May 14th, 2013   /   Posted by Natalie Nathanson   /   Category: All, Startup Spotlight Interviews

Magnetude Startup Spotlight: Centralizing Online Media - An Interview with Launch.it


Magnetude Consulting gives you a closer look into the startup community.  We interview tech startups and other entrepreneurial leaders to bring you their stories, as well as insights into marketing techniques that have helped them along the way.

Today’s interview is with the co-founder of Launch.it, Trace Cohen.  Launch.it is a community-sourced site with news content exclusively from public relations professionals and entrepreneurs with the goal of engaging these launchers with their consumers in a direct, meaningful, and dynamic dialogue.

How did the idea for Launch.it come about?

I started Launch.it with my father, Brian Cohen, who has been doing PR for the over 30 years. He inspired me to start my first company in college called Brand Yourself, which was in the digital reputation space. After graduating from college, we combined our backgrounds and started Launch.it, which we launched just over a year ago.

How do you describe the value that Launch.it brings to the market?

The big idea behind Launch.it is that in PR there is so much noise out there, so we wanted to make sure everything new could be found, discovered and shared.  There are so many media outlets and now social media 2.0, but there isn’t a central location to find all of this news. Launch.it is a free self-publishing platform to help any company to publish their news to help startups and entrepreneurs have their news discovered and shared.

Is there a specific audience you target? Do you segment them in any way?

We have a pretty diverse user base as anybody can launch and read news. Our focus was initially on startups, but we’ve also engaged with PR agencies and even the Angel Capital Association to post on our site.  We started with a large volume of tech news, but we’ve expanded to 25 different news categories, from tech to finance, to real estate, and even food.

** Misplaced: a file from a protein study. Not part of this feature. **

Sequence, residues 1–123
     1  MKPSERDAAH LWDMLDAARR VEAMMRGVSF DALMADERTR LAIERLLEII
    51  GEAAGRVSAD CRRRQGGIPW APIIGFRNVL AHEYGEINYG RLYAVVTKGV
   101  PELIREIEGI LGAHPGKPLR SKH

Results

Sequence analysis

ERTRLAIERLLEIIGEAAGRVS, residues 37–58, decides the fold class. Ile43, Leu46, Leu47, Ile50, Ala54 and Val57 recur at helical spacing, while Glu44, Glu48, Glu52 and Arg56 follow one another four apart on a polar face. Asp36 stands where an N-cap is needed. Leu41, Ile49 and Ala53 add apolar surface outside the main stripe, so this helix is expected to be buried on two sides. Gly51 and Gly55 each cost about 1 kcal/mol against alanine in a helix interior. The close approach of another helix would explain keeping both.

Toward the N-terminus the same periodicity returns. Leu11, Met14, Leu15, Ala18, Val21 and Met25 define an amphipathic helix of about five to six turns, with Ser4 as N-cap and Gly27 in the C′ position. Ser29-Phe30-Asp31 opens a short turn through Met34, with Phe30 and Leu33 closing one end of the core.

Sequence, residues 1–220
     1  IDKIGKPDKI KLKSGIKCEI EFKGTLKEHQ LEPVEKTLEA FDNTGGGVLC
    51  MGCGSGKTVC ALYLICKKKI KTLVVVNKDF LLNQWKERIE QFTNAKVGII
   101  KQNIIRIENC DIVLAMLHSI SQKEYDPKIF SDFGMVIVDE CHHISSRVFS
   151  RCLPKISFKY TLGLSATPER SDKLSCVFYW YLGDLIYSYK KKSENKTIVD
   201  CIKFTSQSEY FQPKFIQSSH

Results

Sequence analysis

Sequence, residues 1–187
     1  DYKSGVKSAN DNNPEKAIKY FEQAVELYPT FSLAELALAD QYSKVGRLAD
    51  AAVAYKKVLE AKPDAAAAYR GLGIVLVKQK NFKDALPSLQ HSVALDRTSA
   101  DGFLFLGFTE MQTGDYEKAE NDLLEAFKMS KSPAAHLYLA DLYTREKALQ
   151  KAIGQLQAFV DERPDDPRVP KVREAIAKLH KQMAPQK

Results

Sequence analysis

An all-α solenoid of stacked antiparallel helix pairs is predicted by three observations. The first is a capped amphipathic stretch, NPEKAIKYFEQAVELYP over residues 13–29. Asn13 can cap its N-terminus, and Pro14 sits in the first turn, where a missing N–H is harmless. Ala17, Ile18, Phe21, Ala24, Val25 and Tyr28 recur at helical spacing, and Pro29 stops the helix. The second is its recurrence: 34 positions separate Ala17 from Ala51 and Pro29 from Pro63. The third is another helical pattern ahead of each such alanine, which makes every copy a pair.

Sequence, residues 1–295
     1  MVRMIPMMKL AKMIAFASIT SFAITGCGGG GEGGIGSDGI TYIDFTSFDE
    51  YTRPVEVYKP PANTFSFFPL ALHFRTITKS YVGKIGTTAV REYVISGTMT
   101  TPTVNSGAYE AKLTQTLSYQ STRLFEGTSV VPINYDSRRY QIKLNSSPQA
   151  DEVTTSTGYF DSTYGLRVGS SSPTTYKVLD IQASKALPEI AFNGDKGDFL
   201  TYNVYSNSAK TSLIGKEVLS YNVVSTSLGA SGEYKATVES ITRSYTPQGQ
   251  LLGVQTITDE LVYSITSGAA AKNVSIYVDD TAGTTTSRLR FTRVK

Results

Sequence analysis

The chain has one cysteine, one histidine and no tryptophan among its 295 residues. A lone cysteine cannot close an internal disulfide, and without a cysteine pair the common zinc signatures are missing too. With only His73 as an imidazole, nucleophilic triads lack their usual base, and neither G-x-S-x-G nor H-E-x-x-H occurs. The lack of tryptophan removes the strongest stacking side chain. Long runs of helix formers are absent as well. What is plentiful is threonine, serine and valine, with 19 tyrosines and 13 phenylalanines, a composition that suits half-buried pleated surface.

What was most important for Launch.it’s launch?

A few months before we had the product ready, we started pitching to potential clients, entrepreneurs, PR agencies, and other influencers in our space.  By the time we launched we had a lot of momentum behind us. The actual launch day was one of my most memorable moments.  We launched at the 2012 NY Tech Meetup (NYTM), which is one of the biggest gatherings of tech professionals in NYC.  I had been there many times in the audience so it was a great feeling to finally have our moment on stage.

Do you have any favorite successes to share since you launched?

One of our first successes was gaining CES as a client, as they’re one of the largest conferences in the world. We worked with 150 startups and SMBs, helping them increase traffic to their website and gain media attention.  Because of this, many of these startups increased their sales and some of them even got funding.

How do you define marketing as it applies to Launch.it?

We had a strong emphasis in PR before the launch, during, and even after the launch. We’ve had great coverage by the NY Times, Business Insider, and Wall Street Journal. A lot of them drove traffic for us, which was great for visibility.  In terms of other forms of marketing, we attend a lot of conferences. We’ve also made great strides with personal connections and referrals.  Every new customer who launches with us is marketing for Launch.it because they provide content we can use, and their posts help increase our SEO.

What advice would you give to a startup looking to make its first launch into the market?

It varies depending on the product or industry, but I think the overall idea is to try and meet with as many people as you can. Your company launch is great, but that’s just a moment in time. Your focus should be getting people to believe in you and your product in the long-term.  From there, you can build up your business through marketing, sales and partnerships.

Being a second-time founder, what advice would you give to a first timer?

Your business idea obviously matters, but what really makes a difference is the execution. If you’re a founder still working at a full-time job, there’s no need to quit right away and dive in to your startup full-time.  Take the time to talk to as many people as you can and build out the structure for your startup’s next steps before making that decision.

If you’re interested in being interviewed for the Magnetude Startup Spotlight, or you would like to learn more about our complimentary consultation, contact us today!

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